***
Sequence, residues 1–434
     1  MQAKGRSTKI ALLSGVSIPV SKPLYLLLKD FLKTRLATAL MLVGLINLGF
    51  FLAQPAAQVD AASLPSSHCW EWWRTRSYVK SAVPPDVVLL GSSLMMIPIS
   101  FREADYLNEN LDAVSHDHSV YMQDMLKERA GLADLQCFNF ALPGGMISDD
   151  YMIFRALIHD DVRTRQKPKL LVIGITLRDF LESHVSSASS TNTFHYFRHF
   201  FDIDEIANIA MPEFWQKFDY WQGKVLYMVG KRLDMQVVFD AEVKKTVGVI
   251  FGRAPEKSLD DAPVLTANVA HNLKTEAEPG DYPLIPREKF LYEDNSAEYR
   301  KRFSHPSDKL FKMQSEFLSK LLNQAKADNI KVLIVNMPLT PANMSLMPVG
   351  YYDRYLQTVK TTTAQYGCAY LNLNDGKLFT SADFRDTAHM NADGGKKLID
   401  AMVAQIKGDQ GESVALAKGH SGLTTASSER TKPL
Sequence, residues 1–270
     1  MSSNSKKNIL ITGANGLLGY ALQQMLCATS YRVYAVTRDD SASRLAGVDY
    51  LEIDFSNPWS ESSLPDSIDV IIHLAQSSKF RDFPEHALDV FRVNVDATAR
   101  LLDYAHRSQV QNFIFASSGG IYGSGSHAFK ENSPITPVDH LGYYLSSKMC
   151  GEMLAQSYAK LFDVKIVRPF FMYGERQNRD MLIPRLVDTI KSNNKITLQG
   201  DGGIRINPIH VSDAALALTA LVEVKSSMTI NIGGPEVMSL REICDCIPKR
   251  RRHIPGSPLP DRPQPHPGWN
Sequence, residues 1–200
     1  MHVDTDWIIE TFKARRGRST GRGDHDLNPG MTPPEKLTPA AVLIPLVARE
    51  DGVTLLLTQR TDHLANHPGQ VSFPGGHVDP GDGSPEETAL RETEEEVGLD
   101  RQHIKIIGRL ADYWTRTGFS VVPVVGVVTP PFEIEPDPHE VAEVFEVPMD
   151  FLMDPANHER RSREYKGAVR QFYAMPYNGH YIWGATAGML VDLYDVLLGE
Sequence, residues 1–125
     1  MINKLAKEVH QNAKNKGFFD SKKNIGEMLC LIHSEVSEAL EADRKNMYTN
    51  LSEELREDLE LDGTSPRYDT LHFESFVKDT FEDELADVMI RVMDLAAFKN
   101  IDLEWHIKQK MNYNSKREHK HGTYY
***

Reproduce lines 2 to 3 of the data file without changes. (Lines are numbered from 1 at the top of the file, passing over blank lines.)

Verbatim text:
     1  MQAKGRSTKI ALLSGVSIPV SKPLYLLLKD FLKTRLATAL MLVGLINLGF
    51  FLAQPAAQVD AASLPSSHCW EWWRTRSYVK SAVPPDVVLL GSSLMMIPIS